There was a time that’s embarrassing to recall though, when I thought Cypress Hill were good. Simple funky rhythms and “fuck-the-law” lyrics and all that. I liked it for about a month when I was thirteen, then the repetition of the beats became glaringly obvious, and their appeal wore out like cheap chewing gum. Fin.

(If you’re wondering why I’m embarrassed to recall a musical passion at age 13, well consider that at that age I had already discovered Nirvana, the Sex Pistols, Guns N’ Roses, Pink Floyd, The Clash, Slayer, etc, who in their various ways I still love).

The Smiths

It’s not so much I’ve gone off The Smiths, maybe, as that my adolescent infatuation with them wore off. When I was in the grip of it, I listened to them daily, religiously; now, I put on The Queen Is Dead, Hatfull of Hollow or Best of Vol 1 occasionally, but that’s about it. With the best will in the world, they are something of an teenager’s band – their lyrical preoccupations particularly. The music is dazzlingly lyrical, running the gamut of emotions, but with a few mordant slabs of sadness, gloom and even downright self-pity, they were easy to dismiss as miserabilists. As I’ve aged, what’s become more important to me in music is lack of affectation, a reality, the conveying of true emotions passionately felt. You get this in abundance throughout the greats, from Miles Davis to Bob Marley to Kraftwerk (once they’d hit their stride). With Morrissey’s lyrics, one sometimes feels a distancing, so that his word-play and allusions become not verbal pleasures but self-protection from revelation. There have even been books about the interpretations people place on his lyrics, such are their opacity/allusiveness. Take “What Difference Does It Make?”:

All men have secrets and here is mine,
So let it be known
For we have been through hell and high tide
I think I can rely on you
And yet you start to recoil,
Heavy words are lightly thrown
But still I’d leap in front of a flying bullet for you

I’ve always thought this was about someone telling a friend (or desired lover?) that they were gay. But equally it could be an argument, a confession about anything, etc.  Allusion and resonance are nice, but there comes a time when you ask “Where’s the beef?”

Other things that irritate about Morrissey’s lyrics are their preciousness, and the preening intellectual pretension. Again, fine when you’re fifteen, and you’re just discovering DH Lawrence and EM Forster and Martin Amis. But when you get to 30+ and you’ve read a book or two and aren’t afraid of using, you know, big long type words, it gets a bit tedious.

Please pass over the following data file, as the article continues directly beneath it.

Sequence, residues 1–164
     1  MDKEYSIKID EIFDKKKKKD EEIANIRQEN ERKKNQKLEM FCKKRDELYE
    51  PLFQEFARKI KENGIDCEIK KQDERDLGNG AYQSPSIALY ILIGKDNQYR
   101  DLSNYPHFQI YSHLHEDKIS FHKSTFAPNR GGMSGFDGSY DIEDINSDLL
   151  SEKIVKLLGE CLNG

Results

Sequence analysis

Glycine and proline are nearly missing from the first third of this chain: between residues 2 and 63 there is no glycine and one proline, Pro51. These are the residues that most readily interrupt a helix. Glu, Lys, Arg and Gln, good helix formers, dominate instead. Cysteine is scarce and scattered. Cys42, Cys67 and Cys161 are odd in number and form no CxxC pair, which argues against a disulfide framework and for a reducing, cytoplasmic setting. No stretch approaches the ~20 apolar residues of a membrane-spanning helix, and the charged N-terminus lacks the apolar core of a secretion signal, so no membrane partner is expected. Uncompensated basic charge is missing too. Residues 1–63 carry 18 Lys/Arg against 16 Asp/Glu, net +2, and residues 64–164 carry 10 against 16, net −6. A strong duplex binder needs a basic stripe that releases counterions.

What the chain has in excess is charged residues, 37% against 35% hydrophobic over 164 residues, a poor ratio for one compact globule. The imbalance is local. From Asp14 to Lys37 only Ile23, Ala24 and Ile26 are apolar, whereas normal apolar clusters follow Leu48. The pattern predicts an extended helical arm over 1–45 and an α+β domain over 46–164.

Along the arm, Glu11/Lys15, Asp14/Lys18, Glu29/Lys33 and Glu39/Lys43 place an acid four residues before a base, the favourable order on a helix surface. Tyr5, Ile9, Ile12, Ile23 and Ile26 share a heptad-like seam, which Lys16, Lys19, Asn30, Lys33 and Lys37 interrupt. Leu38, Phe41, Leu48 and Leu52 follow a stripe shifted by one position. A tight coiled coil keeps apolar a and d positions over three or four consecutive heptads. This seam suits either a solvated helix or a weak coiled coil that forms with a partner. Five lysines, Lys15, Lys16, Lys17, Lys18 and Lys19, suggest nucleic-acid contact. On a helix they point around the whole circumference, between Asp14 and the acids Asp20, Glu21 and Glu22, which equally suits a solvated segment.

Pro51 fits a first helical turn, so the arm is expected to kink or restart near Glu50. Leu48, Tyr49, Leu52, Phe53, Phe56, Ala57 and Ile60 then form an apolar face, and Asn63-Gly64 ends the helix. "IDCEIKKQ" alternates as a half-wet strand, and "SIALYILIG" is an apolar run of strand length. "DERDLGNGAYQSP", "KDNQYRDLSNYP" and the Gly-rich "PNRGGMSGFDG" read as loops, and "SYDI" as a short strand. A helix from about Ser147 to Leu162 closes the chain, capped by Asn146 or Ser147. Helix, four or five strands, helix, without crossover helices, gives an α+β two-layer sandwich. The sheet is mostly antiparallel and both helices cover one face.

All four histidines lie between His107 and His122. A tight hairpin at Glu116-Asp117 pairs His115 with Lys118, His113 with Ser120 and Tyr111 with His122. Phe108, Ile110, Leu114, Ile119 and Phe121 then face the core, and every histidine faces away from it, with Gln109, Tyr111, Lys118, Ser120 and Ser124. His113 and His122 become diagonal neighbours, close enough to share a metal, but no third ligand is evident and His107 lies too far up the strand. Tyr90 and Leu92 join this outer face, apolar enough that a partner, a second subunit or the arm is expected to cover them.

What does remain about The Smiths are Marr’s unerringly fantastic guitar playing – which is yet never wankily flashy, which makes for a great relief in the 1980s – and when Morrissey’s lyrics are genuine and heartfelt. “How Soon Is Now?” (despite the dreadful pretension of the opening lines) remains painfully true:

I am the son
and the heir
of a shyness that is criminally vulgar
I am the son and heir
of nothing in particular

You shut your mouth
how can you say
I go about things the wrong way
I am human and I need to be loved
just like everybody else does

“Back To The Old House” creates a brooding, desolate atmosphere, heightened by a stark Marr accoustic finger-picked piece:

I would rather not go
Back to the old house
I would rather not go
Back to the old house
There’s too many
Bad memories
Too many memories

When you cycled by
Here began all my dreams
The saddest thing I’ve ever seen
And you never knew
How much I really liked you
Because I never even told you
Oh, and I meant to
Are you still there ?
Or … have you moved away ?
Or have you moved away ?

While the sharp observation of “Girl Afraid” is rich with biting humour and pathos:

Girl afraid
Where do his intentions lay ?
Or does he even have any ?
She says :
“He never really looks at me!
I give him every opportunity!
In the room downstairs
He sat and stared
In the room downstairs
He sat and stared
I’ll never make that mistake again !”

Boy afraid
Prudence never pays
And everything she wants costs money
“But she doesn’t even LIKE me !
And I know because she said so!
In the room downstairs
She sat and stared
In the room downstairs
She sat and stared
I’ll never make that mistake again !”

“There Is A Light That Never Goes Out”, “Never Had No One Ever” and “Last Night I Dreamed Somebody Loved Me” are in the same direct, emotional, vein. But notably, of course, all focus on doomed romance and loss, the typical narcissistic adolescent complaints. The emotional resonance of this is somewhere around zero for me, and so despite The Smith’s numerous great gifts of expression, I’ve just don’t listen to them much these days.

The Guitar

I’ve recently made an iTunes playlist called “The Guitar” which, funnily enough, features songs which have great guitar. Here it is, with some comments. I restricted myself to one song per artist.

“The Act We Act”, Sugar Copper Blue
Bob Mould has surely got one of the best guitar sounds in rock. Played loud front and centre, the guitar here is so deep and loud, yet melodic – it’s rock for sure, but nothing like metal. I imagine he (as former Husker Du frontman) was pissed off that Nevermind was so successful, and wanted to really show off his chops. Great job, Bob.

“Columbia”, Oasis Definitely Maybe
This is an amazing song, easily my favourite by Oasis. (There’s not really much competition). The snarling guitar sound is terrific, and the pulsing riff and circular guitar lead could just go on forever.

“Only Shallow”, My Bloody Valentine Loveless
An utterly explosive opener to MBV’s magnum opus. The contrast between the overdriven guitar and the trancey, dreamy verses is delicious.

“One”, Metallica …And Justice For All 
That machine gun bit is still fucking incredible.

“Bron-Yr-Aur”, Led Zeppelin Physical Graffiti